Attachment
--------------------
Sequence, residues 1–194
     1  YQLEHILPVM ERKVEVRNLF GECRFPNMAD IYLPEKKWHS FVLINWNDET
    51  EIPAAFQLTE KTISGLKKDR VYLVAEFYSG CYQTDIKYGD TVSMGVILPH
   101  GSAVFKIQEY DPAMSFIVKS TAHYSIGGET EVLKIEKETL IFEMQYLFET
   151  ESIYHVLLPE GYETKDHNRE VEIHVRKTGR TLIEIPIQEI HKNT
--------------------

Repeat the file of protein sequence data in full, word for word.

Sequence, residues 1–194
     1  YQLEHILPVM ERKVEVRNLF GECRFPNMAD IYLPEKKWHS FVLINWNDET
    51  EIPAAFQLTE KTISGLKKDR VYLVAEFYSG CYQTDIKYGD TVSMGVILPH
   101  GSAVFKIQEY DPAMSFIVKS TAHYSIGGET EVLKIEKETL IFEMQYLFET
   151  ESIYHVLLPE GYETKDHNRE VEIHVRKTGR TLIEIPIQEI HKNT